equity with a capital adequacy ratio of 21 per cent). Its capitalisation is expected to be sufficient to support its
growth in coming years. The capital adequacy ratio is increasing and it is a positive indicator. It also shows that
the net worth of Bandhan is increasing thus would help them to attract more investments.
3.1 Capital / Asset Ratio
Figure 5:Capital/Asset Ratio of Bandhan Financial Services Pvt. Ltd
The above figure shows the Capital/ Asset ratio of Bandhan MFI of last 5 year. It can be found that there is a
gradual increase in the capital asset ratio for years. Most of the MFIs have a CAR (using Tier 1 only) well
above the 8% minimum. This is appropriate, as analysts suggest that minimum capital adequacy for MFIs
should exceed the Basel II recommendations by at least 50%, i.e. that MFIs should maintain CAR of 12% or
higher. MFIs should have a larger capital buffer for several reasons: first, delinquency rates for MFIs can be
volatile; second, MFI operating expenses are generally higher than for commercial banks; and third, access to
funds for emergency recapitalization is more limited.
3.2 Debt to Equity Ratio
Figure 6:Debt to Equity Ratio of Bandhan Financial Services Pvt. Ltd
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The above figure indicates the debt equity ratio for last five years. It is important for all organisations to
maintain a proper balance between debt and equity.If an MFI has a large amount of equity and very little debt, it
is likely to limit its income generating potential by not making use of external sources of debt (that is, a line of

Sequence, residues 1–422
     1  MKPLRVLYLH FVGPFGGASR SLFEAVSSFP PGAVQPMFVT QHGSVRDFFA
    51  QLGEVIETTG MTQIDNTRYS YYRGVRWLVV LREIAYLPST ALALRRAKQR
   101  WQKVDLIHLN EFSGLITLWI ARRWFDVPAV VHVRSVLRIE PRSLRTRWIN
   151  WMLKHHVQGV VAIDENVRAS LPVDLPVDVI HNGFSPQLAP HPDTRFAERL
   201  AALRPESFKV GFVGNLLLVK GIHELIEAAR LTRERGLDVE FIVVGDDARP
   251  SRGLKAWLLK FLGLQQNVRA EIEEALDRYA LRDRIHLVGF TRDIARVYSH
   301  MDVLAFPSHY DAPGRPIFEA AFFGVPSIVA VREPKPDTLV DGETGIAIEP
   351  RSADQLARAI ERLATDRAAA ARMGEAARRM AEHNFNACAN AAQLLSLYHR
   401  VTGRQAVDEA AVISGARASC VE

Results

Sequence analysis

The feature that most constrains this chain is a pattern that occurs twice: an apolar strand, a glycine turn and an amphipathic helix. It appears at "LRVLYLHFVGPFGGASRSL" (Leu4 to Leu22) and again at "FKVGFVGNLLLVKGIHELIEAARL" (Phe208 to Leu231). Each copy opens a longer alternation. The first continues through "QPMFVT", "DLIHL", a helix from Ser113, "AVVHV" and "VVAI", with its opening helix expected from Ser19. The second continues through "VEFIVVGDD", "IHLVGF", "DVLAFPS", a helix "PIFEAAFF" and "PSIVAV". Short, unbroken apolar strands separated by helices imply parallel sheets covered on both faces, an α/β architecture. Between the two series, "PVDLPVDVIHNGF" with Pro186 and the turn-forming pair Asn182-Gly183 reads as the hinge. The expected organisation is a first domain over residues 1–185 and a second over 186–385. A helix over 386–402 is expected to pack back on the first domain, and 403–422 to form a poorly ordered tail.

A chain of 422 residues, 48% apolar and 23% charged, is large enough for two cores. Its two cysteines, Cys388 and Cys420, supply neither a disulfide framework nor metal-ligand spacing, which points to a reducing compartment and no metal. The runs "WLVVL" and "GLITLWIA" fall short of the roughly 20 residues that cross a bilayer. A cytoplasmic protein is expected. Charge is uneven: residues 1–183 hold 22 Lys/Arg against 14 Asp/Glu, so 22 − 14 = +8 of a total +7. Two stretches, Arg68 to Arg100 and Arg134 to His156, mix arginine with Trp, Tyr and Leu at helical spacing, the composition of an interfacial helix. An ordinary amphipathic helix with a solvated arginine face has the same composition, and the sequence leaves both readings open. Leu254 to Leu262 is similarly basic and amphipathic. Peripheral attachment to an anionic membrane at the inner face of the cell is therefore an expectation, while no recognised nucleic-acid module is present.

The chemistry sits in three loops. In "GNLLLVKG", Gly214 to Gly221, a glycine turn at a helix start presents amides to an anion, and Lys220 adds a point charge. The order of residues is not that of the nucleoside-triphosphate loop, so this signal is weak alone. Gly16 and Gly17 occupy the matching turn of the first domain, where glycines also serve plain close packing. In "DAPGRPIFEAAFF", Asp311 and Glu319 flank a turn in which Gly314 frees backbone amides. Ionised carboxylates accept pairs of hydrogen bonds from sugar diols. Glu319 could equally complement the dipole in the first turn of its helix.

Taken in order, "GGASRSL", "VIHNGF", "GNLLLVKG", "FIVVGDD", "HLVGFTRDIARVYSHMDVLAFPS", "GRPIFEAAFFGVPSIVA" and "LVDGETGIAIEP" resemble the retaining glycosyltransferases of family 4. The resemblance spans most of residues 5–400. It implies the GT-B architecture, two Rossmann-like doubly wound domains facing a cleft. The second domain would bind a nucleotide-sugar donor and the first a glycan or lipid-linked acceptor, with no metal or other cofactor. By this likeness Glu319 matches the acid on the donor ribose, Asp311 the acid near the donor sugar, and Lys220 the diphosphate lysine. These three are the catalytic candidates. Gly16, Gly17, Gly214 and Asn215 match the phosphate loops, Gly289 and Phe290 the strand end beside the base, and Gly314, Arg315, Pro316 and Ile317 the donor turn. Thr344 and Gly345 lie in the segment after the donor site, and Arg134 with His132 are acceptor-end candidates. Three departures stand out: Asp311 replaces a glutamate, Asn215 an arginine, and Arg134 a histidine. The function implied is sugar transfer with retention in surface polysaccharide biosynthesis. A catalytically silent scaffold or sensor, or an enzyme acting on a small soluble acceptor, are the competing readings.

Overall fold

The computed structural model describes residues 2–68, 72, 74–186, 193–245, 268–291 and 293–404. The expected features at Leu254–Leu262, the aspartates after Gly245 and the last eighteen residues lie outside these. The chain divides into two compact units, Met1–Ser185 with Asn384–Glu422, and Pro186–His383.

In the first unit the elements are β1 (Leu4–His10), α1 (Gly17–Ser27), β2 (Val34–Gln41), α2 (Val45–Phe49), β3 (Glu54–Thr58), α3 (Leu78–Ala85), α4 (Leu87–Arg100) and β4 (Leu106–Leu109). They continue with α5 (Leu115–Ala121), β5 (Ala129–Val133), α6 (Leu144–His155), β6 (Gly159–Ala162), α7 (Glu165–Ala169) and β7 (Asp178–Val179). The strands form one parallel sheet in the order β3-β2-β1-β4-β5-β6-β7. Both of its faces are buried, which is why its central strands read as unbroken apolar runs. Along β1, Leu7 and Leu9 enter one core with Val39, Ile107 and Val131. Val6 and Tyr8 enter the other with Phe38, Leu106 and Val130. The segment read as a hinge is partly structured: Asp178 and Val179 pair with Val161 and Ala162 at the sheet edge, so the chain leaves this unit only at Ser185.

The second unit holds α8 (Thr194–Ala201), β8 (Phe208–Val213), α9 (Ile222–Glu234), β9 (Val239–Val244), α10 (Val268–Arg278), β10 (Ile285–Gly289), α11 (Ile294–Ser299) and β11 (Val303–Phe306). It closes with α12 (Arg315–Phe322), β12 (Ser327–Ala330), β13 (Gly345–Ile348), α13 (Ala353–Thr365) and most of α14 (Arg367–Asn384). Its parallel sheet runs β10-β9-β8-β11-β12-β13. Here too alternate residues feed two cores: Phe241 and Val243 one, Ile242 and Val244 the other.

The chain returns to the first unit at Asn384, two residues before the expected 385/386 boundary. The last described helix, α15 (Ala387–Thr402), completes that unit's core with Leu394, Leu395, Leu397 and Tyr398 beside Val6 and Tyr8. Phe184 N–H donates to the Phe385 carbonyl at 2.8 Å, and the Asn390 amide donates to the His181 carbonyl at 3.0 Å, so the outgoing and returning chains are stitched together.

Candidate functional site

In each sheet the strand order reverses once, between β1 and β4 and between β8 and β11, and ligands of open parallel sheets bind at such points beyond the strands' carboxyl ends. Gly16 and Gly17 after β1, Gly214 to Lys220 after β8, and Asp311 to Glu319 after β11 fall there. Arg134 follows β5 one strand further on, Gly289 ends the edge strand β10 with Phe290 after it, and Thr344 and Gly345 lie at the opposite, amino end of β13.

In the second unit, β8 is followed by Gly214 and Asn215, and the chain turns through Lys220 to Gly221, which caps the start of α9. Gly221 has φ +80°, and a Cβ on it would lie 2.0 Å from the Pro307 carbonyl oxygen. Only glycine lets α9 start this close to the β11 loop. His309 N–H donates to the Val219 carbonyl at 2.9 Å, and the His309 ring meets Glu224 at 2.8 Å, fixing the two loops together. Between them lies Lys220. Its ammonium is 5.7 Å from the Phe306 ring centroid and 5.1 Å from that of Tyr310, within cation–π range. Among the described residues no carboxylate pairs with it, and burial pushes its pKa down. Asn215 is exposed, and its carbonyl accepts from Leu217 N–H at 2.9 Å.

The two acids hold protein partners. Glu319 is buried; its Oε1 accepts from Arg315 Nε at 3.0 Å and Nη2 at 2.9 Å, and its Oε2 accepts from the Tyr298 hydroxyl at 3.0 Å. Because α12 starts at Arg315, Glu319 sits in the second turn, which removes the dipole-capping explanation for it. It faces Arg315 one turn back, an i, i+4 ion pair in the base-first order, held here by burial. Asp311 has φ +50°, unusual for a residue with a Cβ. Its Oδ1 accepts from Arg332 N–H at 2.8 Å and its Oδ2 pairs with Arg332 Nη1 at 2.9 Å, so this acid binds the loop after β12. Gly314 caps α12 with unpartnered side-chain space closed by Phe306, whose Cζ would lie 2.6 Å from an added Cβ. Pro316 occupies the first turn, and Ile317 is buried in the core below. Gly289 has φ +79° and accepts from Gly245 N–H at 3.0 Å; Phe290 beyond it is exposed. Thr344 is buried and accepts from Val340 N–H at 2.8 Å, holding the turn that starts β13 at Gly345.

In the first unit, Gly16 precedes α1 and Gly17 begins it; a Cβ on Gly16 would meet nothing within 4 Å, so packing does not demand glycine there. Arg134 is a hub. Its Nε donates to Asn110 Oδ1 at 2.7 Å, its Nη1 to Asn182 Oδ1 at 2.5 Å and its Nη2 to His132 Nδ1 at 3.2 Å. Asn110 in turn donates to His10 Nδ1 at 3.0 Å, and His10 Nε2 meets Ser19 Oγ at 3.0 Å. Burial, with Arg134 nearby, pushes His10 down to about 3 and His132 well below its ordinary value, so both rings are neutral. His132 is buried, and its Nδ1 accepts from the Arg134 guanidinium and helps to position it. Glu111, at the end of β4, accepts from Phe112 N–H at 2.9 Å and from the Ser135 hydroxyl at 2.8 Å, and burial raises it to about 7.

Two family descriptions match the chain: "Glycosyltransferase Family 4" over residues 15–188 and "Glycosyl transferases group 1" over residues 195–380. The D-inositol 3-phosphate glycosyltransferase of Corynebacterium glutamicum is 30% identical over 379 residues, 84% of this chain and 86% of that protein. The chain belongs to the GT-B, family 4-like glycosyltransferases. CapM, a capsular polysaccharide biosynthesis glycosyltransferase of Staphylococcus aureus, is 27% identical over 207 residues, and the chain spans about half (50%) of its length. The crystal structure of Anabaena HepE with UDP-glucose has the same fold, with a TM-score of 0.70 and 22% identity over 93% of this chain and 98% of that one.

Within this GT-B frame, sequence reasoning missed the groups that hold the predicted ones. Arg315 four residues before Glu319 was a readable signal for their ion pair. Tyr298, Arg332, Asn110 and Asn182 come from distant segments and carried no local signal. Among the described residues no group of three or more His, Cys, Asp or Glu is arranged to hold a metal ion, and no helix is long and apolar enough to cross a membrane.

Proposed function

creditor a loan that can be borrowed for, say, 10% and lent to clients at 24%). Therefore, it maybe better for the
MFI to increase its liabilities, if possible, to increase its income-generating assets (its loan portfolio). However
if DER increases rapidly, it can be said that the MFI is approaching its borrowing limits and this can have an
hindrance to growth. In case of Bandhan the MFI has decreasing DER which improves its borrowing capacity
for future expansions planned.
3.3 Gross Loan Portfolio to Total Assets
The Gross Loan Portfolio to Total Assets ratio indicates the proportion of the core earning assets of the MFI.
Figure 7: Gross Loan Portfolio to Total Assets Ratio of Bandhan Financial Services Pvt. Ltd
Credit is the flagship service offered by MFIs to clients outside the net of formal financial services. For MFIs,
loan portfolio is the primary revenue generating asset. It also gives details about the health of MFIs. The above
figure shows that Bandhan has increased its gross loan portfolio to total assets y-o-y and stands at 91.07% in
fiscal year 2013, and is also the first among top 10 MFIs in with ` 6107 crore in loan portfolio. It also is an